During all these years, many readers have shared personal stories of gratitude. When they began to lose their sight, this library service gave them hope and provided inspiration to deal with their new life challenges.
What follows are but of a few of their stories:
This reader considered himself one of the last true cowboys of Arizona. He helped me with my reader advisement by noting western writers “that really knew what they were talking about.” He didn’t read much when he had vision but thought he might like westerns and boy did he! Upon sending him books, I would call and say, “The Cavalry is coming!!!”
I also had a reader who was a retired professor of philosophy and would call and ask for talking books written by Plato, Socrates, Rousseau, Locke and other what librarians might call “not easy reading.” So, one time I said, “what if I sent you an exciting fast-paced novel?” His response was “Well maybe one.” I sent him DB021513 “The Hunt for Red October” by the best-selling author Tom Clancy. His next phone call, “Henry, this service is fantastic, and could you throw in one of your surprises!!”
Yet, another story, comes from a reader, who donated thousands of dollars to animal rescue groups in Arizona. She loved animal stories, especially those with a mystery setting as Lillian Jackson Braun’s “Cat Mysteries.” This reader in her final days, told her family and friends that The Arizona Talking Book Library had given her the wonderful world of books that she never thought possible after her vision loss.
These stories, from our readers, bring inspiration to our staff and volunteers. We know that the human element in providing library service goes way beyond your smartphone or other computer devices. When we call new readers and explain our program, noting that they will have a personal librarian assigned to them, they simply are amazed. You might even say The Arizona Talking Book Library brings hope when all seems lost!!!!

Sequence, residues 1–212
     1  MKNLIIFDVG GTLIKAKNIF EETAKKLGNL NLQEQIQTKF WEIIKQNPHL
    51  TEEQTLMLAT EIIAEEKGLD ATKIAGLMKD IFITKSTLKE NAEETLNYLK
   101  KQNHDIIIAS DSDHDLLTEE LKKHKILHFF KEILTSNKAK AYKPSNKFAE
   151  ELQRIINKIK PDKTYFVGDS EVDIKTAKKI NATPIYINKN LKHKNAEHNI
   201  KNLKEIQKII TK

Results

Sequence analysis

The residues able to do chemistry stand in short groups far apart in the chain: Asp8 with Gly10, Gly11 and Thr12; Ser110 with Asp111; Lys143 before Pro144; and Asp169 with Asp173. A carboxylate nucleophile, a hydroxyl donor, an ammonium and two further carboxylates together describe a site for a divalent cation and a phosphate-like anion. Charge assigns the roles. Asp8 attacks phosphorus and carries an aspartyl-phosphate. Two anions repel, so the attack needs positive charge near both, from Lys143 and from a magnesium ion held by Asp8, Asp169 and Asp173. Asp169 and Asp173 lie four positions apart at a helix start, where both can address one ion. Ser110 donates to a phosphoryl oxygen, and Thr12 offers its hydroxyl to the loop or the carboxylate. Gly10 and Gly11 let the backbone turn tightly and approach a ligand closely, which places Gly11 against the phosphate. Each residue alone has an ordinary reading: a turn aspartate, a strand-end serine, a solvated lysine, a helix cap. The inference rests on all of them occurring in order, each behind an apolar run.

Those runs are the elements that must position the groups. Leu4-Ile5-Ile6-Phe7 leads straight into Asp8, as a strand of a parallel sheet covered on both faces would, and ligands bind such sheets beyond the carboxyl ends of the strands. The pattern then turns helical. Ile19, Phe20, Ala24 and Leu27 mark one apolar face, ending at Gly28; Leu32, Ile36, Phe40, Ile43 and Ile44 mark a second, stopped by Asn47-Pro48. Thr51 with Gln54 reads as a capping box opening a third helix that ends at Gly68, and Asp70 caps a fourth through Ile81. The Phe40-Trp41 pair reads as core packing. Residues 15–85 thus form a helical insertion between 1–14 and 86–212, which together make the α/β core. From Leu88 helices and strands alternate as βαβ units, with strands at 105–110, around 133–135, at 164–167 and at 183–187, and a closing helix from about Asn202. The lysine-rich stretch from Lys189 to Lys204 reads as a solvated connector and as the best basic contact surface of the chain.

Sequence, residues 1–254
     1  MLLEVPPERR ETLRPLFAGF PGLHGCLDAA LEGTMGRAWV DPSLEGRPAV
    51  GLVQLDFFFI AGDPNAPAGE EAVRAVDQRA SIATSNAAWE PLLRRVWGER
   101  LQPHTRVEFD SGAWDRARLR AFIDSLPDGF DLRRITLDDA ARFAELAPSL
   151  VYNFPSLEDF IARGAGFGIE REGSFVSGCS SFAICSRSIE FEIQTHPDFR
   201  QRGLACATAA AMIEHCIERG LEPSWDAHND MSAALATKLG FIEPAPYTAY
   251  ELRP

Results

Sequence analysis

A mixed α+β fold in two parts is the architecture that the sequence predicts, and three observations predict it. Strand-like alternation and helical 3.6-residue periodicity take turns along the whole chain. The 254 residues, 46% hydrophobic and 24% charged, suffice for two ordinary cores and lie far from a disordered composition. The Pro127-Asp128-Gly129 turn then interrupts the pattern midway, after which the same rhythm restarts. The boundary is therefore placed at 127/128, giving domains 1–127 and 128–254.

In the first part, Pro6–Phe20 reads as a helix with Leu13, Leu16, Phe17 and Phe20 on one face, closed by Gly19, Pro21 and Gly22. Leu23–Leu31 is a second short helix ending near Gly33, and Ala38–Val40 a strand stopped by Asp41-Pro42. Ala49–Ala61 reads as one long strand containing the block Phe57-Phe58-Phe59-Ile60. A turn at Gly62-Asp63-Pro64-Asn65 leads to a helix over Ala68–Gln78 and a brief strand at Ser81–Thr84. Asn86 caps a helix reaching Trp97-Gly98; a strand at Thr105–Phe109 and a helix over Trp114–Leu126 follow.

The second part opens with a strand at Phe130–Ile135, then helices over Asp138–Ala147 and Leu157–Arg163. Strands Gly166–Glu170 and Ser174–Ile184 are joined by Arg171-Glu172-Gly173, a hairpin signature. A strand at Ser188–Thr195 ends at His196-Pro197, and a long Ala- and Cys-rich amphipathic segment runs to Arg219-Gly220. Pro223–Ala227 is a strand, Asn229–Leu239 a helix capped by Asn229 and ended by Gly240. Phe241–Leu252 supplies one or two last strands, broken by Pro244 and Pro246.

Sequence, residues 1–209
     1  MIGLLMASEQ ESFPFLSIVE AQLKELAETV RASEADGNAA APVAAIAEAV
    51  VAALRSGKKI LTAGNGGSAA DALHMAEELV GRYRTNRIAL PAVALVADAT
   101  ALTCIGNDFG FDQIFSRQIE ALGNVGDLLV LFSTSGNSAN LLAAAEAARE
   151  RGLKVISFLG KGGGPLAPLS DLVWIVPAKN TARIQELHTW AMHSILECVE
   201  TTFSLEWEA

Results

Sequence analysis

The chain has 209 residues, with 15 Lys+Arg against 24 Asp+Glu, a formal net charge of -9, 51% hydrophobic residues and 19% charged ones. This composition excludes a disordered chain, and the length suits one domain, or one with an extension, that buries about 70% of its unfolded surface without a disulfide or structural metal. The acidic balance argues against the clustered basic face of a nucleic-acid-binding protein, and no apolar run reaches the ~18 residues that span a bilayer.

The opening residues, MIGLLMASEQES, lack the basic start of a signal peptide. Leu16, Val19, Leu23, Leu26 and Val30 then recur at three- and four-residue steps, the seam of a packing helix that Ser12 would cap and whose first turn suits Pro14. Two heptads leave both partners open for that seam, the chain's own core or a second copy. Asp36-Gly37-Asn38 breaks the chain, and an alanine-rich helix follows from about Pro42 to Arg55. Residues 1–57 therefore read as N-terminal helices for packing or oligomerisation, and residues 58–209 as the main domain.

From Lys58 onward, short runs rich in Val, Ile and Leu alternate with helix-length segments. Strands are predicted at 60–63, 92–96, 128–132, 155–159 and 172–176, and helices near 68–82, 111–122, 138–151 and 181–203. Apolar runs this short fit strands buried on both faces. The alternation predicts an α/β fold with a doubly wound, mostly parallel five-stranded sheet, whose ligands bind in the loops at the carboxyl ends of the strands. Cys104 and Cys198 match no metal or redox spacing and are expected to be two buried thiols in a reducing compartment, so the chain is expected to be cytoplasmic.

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Whether you plan to vote in-person at a polling place or from the comfort of your home, you have many options to help you participate in upcoming elections.
All polling locations and vote centers must have an accessible voting device for use by voters with disabilities. In addition to the accessible voting devices, each poling location will have magnifying instruments, large print versions of the publicity pamphlets and trained poll workers who are ready to assist you.
If you would like to receive an early ballot by mail in an alternate format, like large print or braille, you can contact your local county elections department.
More information about accessible voting can be found at the following websites:
Arizona Secretary of State:
Clean Elections Commission:
A representative from the Maricopa County Recorder’s Office will be available at the library’s 50th anniversary celebration on March 19th to answer questions and to demonstrate accessible voting devices and materials. We hope that you can join us!
Primary Election: 8/4/20; Voter Registration Deadline: 7/6/20
General Election: 11/3/20; Voter Registration Deadline: 10/5/20
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50th ANNIVERSARY CELEBRATION
Thursday, March 19, 2020
Open House & Tours
9 – 11am, 1 – 3 pm
Commemoration 11:30 am – 12:30 pm with Arizona Secretary of State Katie Hobbs; Director Karen Keninger, National Library Service for the Blind and Print Disabled; and other local partners.
Contact the library for special accommodations or for groups of 15 or more.
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Any mention of products and services in Talking Book News is for information only and does not imply endorsement.
Talking Book News is also available in other formats including our website at http://www.azlibrary.gov/talkingbooks If you would like to receive this newsletter on cartridge or in email, please call 602-255-5578 or 1-800-255-5578.
Talking Book News is published quarterly by the Arizona Talking Book Library, Archives and Public Records, a Division of the Secretary of State. Administrator: Janet Fisher, Assistant Administrator: Erin Pawlus.